European Union (Withdrawal) Bill — Clause 1 — Repeal of the European Communities Act 1972 — Consent of Devolved Legislatures — 14 Nov 2017 at 18:45

John Baron MP, Basildon and Billericay voted against requiring the consent of the Scottish Parliament, the National Assembly for Wales and the Northern Ireland Assembly for the United Kingdom to leave the European Union.

The majority of MPs voted against requiring the consent of the Scottish Parliament, the National Assembly for Wales and the Northern Ireland Assembly for the United Kingdom to leave the European Union.

MPs were considering the European Union (Withdrawal) Bill[1].

The amendment rejected in this vote was:

  • Amendment 79, page 1, line 3, at end insert:
  • ‘(2) Regulations under section 19(2) bringing into force subsection (1) may not be made until the Prime Minister is satisfied that resolutions have been passed by the Scottish Parliament, the National Assembly for Wales and the Northern Ireland Assembly signifying consent to the commencement of subsection (1).”

Had the amendment not been rejected the new subclause would have been added to Clause 1 of the Bill[2], which at the time of the vote only had one clause, stating:

The European Communities Act 1972 legislated for the UK's membership of European Communities and incorporated European Union law into UK law.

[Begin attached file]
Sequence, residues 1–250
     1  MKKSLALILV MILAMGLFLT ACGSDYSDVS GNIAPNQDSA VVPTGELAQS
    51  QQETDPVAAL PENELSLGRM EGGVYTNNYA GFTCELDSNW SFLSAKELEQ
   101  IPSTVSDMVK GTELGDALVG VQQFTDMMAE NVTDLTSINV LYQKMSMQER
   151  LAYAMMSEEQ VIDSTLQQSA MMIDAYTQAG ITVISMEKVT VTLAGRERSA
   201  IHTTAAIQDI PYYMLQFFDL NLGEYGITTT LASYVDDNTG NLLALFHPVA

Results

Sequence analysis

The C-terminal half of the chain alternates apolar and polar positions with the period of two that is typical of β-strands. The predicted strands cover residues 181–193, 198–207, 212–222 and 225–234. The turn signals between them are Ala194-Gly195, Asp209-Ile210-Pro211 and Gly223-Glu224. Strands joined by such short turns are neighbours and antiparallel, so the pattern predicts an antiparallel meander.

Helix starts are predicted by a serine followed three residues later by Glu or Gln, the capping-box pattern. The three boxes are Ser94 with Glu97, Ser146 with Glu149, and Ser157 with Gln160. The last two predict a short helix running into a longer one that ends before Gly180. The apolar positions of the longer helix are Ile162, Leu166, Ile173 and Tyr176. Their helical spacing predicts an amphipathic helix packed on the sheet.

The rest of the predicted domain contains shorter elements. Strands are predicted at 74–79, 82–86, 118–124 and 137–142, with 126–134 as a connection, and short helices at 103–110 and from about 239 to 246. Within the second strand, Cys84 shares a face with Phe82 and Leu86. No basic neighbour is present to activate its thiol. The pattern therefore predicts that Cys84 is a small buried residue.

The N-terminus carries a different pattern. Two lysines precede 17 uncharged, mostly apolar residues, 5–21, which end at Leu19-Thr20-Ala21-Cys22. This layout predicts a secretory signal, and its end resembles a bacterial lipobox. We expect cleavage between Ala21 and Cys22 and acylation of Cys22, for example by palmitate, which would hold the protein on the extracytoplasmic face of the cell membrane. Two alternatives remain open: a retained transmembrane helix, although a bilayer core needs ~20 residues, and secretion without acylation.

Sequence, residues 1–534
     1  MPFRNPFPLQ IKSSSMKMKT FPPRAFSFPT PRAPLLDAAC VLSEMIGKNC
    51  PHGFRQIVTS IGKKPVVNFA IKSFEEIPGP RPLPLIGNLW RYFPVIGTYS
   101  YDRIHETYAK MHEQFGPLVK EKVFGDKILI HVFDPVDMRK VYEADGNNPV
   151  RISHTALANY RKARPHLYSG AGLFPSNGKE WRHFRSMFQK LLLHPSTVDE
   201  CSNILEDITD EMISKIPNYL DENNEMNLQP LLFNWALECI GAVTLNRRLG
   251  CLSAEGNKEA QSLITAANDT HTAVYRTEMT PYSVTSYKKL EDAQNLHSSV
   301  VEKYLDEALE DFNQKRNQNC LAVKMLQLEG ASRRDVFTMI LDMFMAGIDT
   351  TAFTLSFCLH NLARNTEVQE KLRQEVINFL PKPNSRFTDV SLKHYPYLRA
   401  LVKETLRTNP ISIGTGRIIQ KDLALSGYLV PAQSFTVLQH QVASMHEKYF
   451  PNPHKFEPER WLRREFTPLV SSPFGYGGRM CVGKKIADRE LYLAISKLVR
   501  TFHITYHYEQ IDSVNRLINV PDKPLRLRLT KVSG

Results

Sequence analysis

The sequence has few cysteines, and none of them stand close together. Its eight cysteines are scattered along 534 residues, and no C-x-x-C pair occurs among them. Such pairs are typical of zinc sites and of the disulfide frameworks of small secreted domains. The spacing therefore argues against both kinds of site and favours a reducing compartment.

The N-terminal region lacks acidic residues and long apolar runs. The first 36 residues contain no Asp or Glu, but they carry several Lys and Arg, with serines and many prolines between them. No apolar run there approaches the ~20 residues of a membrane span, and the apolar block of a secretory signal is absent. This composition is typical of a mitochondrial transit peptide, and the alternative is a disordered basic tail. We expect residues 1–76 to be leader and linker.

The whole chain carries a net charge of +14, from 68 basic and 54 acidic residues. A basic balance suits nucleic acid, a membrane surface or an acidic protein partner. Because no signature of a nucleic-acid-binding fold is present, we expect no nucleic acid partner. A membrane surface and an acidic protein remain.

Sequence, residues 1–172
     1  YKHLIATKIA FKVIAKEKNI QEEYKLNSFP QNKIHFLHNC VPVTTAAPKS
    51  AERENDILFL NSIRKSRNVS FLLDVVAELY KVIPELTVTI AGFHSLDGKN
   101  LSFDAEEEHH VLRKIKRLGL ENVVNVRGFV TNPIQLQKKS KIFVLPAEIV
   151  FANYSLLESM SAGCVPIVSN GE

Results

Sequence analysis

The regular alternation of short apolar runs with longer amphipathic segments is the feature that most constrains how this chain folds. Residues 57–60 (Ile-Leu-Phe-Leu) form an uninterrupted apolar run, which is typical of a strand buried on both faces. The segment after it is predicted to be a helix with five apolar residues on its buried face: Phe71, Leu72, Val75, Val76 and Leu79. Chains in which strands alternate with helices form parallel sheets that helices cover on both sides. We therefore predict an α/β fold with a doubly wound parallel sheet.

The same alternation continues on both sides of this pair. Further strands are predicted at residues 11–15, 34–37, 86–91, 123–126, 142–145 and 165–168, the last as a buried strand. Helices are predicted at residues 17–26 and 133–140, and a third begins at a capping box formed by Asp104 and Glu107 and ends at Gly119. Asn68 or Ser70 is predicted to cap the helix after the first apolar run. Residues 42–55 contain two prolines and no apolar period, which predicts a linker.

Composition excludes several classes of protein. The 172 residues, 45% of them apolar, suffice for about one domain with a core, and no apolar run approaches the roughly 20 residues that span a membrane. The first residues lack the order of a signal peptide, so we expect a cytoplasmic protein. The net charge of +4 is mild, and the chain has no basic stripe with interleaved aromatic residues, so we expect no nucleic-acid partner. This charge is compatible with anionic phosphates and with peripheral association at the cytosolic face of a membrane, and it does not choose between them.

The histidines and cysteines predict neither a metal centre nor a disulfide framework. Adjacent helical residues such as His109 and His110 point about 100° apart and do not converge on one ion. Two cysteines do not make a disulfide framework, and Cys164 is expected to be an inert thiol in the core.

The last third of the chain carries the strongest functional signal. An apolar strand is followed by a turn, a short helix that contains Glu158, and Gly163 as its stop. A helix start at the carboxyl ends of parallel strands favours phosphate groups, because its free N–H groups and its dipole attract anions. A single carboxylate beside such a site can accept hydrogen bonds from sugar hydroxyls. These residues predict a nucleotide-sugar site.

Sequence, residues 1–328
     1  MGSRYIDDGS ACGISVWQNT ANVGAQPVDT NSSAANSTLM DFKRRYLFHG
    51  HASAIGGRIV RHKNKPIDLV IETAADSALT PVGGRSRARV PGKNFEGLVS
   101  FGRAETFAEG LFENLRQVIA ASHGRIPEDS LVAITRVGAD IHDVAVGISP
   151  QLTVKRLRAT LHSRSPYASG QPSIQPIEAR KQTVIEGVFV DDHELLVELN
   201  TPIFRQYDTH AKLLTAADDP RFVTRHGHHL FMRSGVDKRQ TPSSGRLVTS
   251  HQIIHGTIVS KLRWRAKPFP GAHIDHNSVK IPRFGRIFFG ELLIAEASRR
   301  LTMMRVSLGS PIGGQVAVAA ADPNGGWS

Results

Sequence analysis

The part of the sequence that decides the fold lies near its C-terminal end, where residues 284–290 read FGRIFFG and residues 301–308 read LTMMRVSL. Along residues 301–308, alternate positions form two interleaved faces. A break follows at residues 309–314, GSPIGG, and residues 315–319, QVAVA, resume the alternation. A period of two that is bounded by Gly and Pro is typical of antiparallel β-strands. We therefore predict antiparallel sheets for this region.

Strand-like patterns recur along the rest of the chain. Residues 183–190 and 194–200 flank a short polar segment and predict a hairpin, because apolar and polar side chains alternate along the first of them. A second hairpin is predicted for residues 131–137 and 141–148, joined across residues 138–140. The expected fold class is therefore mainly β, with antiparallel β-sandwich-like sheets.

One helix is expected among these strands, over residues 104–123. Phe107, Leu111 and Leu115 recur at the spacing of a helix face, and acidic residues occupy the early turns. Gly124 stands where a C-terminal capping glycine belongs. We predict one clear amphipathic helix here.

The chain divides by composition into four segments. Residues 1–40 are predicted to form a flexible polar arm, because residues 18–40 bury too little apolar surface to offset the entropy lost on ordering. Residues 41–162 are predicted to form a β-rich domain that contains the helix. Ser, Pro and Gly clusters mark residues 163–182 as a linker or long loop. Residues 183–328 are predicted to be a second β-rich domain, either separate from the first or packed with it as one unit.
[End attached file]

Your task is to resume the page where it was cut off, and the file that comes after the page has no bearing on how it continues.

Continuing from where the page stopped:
Clause 19 of the Bill[3] sets out the dates when elements of the Bill come into force, it states Clause 1 would take effect "on such day as a Minister of the Crown may by regulations appoint", the rejected amendment sought to add a condition for appointing such a date.

The rejected amendment was accompanied by the following explanatory note:

  • This amendment would make the repeal of the European Communities Act 1972 on exit day conditional on the Prime Minister gaining consent from the devolved legislatures.

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Debate in Parliament |

Party Summary

Votes by party, red entries are votes against the majority for that party.

What is Tell? '+1 tell' means that in addition one member of that party was a teller for that division lobby.

What are Boths? An MP can vote both aye and no in the same division. The boths page explains this.

What is Turnout? This is measured against the total membership of the party at the time of the vote.

PartyMajority (No)Minority (Aye)BothTurnout
Con306 (+2 tell) 0097.2%
DUP10 00100.0%
Green0 10100.0%
Independent0 10100.0%
Lab3 101.5%
LDem0 120100.0%
PC0 40100.0%
SNP0 33 (+2 tell)0100.0%
Total:319 52058.4%

Rebel Voters - sorted by party

MPs for which their vote in this division differed from the majority vote of their party. You can see all votes in this division, or every eligible MP who could have voted in this division

Sort by: Name | Constituency | Party | Vote

NameConstituencyPartyVote
Albert OwenYnys MônLab (minister)aye

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